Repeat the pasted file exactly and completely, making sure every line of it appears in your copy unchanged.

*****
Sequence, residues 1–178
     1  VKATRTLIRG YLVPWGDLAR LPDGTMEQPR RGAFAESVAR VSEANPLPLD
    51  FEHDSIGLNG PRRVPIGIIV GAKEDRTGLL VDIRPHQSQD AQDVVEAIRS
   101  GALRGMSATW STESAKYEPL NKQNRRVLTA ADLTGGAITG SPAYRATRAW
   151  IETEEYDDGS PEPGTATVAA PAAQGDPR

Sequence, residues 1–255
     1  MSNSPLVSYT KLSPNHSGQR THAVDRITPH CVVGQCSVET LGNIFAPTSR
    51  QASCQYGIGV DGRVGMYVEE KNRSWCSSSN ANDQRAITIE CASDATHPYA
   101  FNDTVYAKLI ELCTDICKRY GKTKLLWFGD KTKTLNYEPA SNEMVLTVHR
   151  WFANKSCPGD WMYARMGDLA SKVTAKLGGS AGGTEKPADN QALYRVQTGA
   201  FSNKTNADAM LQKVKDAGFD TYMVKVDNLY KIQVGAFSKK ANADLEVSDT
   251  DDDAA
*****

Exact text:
Sequence, residues 1–178
     1  VKATRTLIRG YLVPWGDLAR LPDGTMEQPR RGAFAESVAR VSEANPLPLD
    51  FEHDSIGLNG PRRVPIGIIV GAKEDRTGLL VDIRPHQSQD AQDVVEAIRS
   101  GALRGMSATW STESAKYEPL NKQNRRVLTA ADLTGGAITG SPAYRATRAW
   151  IETEEYDDGS PEPGTATVAA PAAQGDPR

Sequence, residues 1–255
     1  MSNSPLVSYT KLSPNHSGQR THAVDRITPH CVVGQCSVET LGNIFAPTSR
    51  QASCQYGIGV DGRVGMYVEE KNRSWCSSSN ANDQRAITIE CASDATHPYA
   101  FNDTVYAKLI ELCTDICKRY GKTKLLWFGD KTKTLNYEPA SNEMVLTVHR
   151  WFANKSCPGD WMYARMGDLA SKVTAKLGGS AGGTEKPADN QALYRVQTGA
   201  FSNKTNADAM LQKVKDAGFD TYMVKVDNLY KIQVGAFSKK ANADLEVSDT
   251  DDDAA